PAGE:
Schenectady County

Pine Grove voters reject firehouse renovation

Voters on Tuesday resoundingly defeated a $3.5 million plan that would renovate the Pine Grove fire

Voters on Tuesday resoundingly defeated a $3.5 million plan that would renovate the Pine Grove fire station.

The resolution to renovate and expand the aging firehouse on Dunnsville Road was shot down 201-68, according to Fire Commissioner Herb LeTarte III. He said turnout was high for the vote and he suspects the cost of the project stirred anti-tax sentiment among district residents.

“I think it was a general malaise against taxation altogether,” he said Wednesday. “That’s my guess — they’ve had it with taxes altogether.”

The 30-member volunteer fire department covering parts of Princetown, Rotterdam and Guilderland was hoping to renovate the existing station and add 4,200 square feet. The project would have represented the first substantial renovation of the station since 1984 and only the second since the building was constructed in the early 1970s.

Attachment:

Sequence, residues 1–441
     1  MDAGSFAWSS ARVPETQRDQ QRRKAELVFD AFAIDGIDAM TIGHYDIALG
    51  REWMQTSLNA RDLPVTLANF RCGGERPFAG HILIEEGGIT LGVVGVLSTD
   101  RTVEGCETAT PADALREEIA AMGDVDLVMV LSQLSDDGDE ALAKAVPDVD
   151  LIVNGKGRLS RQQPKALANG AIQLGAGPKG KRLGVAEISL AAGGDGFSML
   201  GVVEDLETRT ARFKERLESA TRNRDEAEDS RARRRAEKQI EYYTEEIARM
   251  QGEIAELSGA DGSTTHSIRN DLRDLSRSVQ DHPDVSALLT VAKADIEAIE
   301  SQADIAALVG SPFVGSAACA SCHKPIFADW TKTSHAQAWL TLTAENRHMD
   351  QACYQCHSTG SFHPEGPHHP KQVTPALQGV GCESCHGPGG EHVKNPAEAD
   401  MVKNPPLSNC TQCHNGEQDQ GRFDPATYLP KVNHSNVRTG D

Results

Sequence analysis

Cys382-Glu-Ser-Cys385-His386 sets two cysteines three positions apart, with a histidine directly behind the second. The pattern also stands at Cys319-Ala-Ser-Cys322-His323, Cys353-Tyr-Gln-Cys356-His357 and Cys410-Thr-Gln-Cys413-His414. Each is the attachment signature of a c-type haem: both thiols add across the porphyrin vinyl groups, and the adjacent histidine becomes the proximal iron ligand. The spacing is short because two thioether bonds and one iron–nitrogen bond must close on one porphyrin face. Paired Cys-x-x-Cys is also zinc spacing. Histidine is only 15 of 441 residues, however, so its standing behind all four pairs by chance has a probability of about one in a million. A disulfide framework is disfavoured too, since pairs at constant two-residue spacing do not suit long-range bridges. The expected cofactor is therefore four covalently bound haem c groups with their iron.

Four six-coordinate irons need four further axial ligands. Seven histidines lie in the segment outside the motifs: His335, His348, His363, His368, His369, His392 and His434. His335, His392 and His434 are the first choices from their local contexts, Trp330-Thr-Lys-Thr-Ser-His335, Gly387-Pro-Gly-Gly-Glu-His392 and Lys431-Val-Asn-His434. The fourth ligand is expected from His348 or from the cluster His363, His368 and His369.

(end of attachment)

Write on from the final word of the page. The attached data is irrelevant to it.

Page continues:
The proposal included the construction of a new bay to house up to six vehicles. The existing fire station would get a new public entrance lobby along the east side, while the existing truck bays on the southwest corner would be dedicated to housing emergency rescue vehicles.

The cost was to be bonded over 25 years. Rotterdam residents in the Pine Grove Fire District would have seen an annual tax increase of about 77 cents per $1,000 of assessed property value.

The failed vote comes less than a year after residents rejected, nearly 2-1, a proposed tax district to support Rotterdam Emergency Medical Services, the town’s nonprofit ambulance company. There was an organized opposition to the proposed tax district that was funded in part by Mohawk Ambulance, the for-profit company that was then jockeying for a contract with the town.

In the Pine Grove referendum, LeTarte said there didn’t seem to be any organized opposition and he was somewhat surprised by the number of people who voted against it.

“I was hopeful,” he said. “We tried to get the message out.”

Now the department will need to consider its options moving forward.

The cost to renovate the station on Dunnsville Road was estimated at $1.9 million, but renovation would not resolve space issues facing the district.

We’re going to have to think it through,” LeTarte said. “We put all our energy into putting the proposal up. Now it’s time to look past it.”

Categories: Uncategorized

Leave a Reply